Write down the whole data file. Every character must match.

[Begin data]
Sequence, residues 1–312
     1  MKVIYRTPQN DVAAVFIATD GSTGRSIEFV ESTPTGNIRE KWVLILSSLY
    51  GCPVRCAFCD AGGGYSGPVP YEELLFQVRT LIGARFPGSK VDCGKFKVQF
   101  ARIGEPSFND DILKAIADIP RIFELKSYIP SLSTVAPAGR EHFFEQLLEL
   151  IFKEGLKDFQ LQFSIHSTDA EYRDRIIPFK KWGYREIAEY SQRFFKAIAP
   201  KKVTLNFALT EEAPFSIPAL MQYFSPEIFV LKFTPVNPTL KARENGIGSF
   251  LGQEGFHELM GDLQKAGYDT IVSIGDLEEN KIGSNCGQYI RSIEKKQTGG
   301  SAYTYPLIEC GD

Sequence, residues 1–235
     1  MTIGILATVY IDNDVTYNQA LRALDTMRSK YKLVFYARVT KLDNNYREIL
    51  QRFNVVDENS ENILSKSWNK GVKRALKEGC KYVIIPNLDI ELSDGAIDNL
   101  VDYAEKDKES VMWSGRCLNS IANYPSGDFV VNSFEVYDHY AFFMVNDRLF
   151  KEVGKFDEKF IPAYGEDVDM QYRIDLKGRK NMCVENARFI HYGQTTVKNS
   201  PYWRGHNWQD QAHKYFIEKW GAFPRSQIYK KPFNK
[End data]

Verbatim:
Sequence, residues 1–312
     1  MKVIYRTPQN DVAAVFIATD GSTGRSIEFV ESTPTGNIRE KWVLILSSLY
    51  GCPVRCAFCD AGGGYSGPVP YEELLFQVRT LIGARFPGSK VDCGKFKVQF
   101  ARIGEPSFND DILKAIADIP RIFELKSYIP SLSTVAPAGR EHFFEQLLEL
   151  IFKEGLKDFQ LQFSIHSTDA EYRDRIIPFK KWGYREIAEY SQRFFKAIAP
   201  KKVTLNFALT EEAPFSIPAL MQYFSPEIFV LKFTPVNPTL KARENGIGSF
   251  LGQEGFHELM GDLQKAGYDT IVSIGDLEEN KIGSNCGQYI RSIEKKQTGG
   301  SAYTYPLIEC GD

Sequence, residues 1–235
     1  MTIGILATVY IDNDVTYNQA LRALDTMRSK YKLVFYARVT KLDNNYREIL
    51  QRFNVVDENS ENILSKSWNK GVKRALKEGC KYVIIPNLDI ELSDGAIDNL
   101  VDYAEKDKES VMWSGRCLNS IANYPSGDFV VNSFEVYDHY AFFMVNDRLF
   151  KEVGKFDEKF IPAYGEDVDM QYRIDLKGRK NMCVENARFI HYGQTTVKNS
   201  PYWRGHNWQD QAHKYFIEKW GAFPRSQIYK KPFNK